Los Angeles Yiddish Culture Club
In 1926, the Los Angeles Yiddish Culture Club was established to give a forum both for the writers who were flocking to the Pacific coast and their readers.
In the period after the Second World War, with L.A.’s Jewish population burgeoning, the club drew more than 200 people to its weekly meetings to hear the local stars of Yiddish culture and visiting luminaries read from their work and entertain.
In 1946, the Club’s president, Israel Friedland, wrote on the occasion of the club’s 20th anniversary and the establishment of its new center and described the origin of the club in the first issue of the club’s new literary journal, Kheshbn (Reckoning):
Twenty years ago [in 1926], when a profoundly acrimonious feud had begun dividing the Jewish street between the political orientations of “Left” and “Right,” a small group of nonpartisan people interested in culture, not wanting to be ground between the millstones of the so-called party conflict, decided to establish a Jewish, supra-partisan culture club, where a culturally-involved Jewish person would be able to spend time in a Jewish atmosphere and enjoy himself in a culturally lively way.
At that time, the L.A. Yiddish Culture Club tapped into a number of intellectual forces, which were free of partisan loyalties but had a deep devotion to the Yiddish word and to Yiddish culture and its creators. The culture program of the club gradually crystalized later, taking on its distinct character or essence: not bound to any particular party or order and not under the supervision of any central cultural entity, the Culture Club — for all of these years of its existence — led a uniquely independent cultural venture.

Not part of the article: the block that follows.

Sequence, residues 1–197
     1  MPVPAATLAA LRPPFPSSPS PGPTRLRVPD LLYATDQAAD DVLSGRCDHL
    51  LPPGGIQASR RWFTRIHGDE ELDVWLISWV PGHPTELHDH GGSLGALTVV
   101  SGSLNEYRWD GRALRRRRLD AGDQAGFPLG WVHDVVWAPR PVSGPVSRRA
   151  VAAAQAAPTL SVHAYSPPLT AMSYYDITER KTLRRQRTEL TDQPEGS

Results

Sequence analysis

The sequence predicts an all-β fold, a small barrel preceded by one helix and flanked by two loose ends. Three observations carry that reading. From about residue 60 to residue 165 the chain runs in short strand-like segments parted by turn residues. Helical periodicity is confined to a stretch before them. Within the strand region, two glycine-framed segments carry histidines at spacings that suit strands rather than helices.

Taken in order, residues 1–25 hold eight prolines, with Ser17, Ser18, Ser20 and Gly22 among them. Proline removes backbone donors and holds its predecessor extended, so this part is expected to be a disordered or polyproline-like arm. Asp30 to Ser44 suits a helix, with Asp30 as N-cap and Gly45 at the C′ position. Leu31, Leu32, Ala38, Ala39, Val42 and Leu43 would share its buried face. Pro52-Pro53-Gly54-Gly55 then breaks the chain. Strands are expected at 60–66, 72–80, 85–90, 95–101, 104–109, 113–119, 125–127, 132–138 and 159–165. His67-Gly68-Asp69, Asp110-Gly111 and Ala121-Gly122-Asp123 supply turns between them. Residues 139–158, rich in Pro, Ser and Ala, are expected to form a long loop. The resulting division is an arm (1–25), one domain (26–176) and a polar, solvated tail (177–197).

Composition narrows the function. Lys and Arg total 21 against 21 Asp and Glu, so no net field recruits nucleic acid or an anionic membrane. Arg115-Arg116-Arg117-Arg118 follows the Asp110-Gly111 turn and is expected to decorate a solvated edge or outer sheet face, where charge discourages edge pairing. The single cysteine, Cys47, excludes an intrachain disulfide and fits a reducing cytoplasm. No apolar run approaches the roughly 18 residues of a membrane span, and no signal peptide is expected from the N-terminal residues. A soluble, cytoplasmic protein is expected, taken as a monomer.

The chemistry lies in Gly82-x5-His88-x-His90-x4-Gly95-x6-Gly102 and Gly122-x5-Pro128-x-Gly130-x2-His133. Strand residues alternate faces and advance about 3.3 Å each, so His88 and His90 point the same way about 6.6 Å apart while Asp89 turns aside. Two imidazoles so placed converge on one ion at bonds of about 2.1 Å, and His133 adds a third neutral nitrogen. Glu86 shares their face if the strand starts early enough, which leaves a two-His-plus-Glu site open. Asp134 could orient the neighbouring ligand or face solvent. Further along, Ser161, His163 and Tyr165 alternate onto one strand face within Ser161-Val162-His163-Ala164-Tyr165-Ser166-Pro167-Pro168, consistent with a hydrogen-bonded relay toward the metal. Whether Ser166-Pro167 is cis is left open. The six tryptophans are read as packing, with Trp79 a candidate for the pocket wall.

The original Los Angeles Yiddish Culture Club, or Jewish Club as it was known in English, was established in 1926 and originally used this Echo Park house, just in front of the Chavez Ravine as its headquarters.
In the 1930s, the Yiddish Culture Club moved its meeting place a bit farther west, to join the other Yiddish cultural organizations headquartered in East Hollywood. When the Hollywood Freeway was constructed between 1947 to 1949, East Hollywood was completely reconfigured. The building that the Culture Club was housed in, among many others, was razed. In 1953, the area began to take on its current appearance with the building of Kaiser Hospital along Sunset.
In 1946, with the imminent demolition of its previous home, the Los Angeles Yiddish Culture Club proudly moved into its own building at 4213 Monroe in East Hollywood. The Culture Club celebrated what it hoped would be its permanent home with the launching of a first-rate literary journal, "Kheshbn," that same year. This picture of the new building graced the inside cover of the very first issue.
In 1973, the Los Angeles Yiddish Culture Club put its building up for sale and moved into the building of the Labor Zionist Institute of Jewish Education and folk-school at 8339 West Third Street in Beverly Grove. It continued to hold regular meetings, finally under the leadership of Lilke Majzner who led the Club from 1991 until her death in 2009. Today the building houses the Victory Presbyterian Church, offering services in Spanish and Korean.
Lilke Majzner was born Lilke Nutkevitz in Łódź, Poland to a Bundist family. During WWII, she worked for the Jewish resistance until she was deported. She was in six concentration camps and barely survived Auschwitz, before arriving in L.A. in 1955. She became the final president of the Culture Club in 1991. Here she is in the Culture Club library on Third Street with Yiddishkayt's founder Aaron Paley in 2002.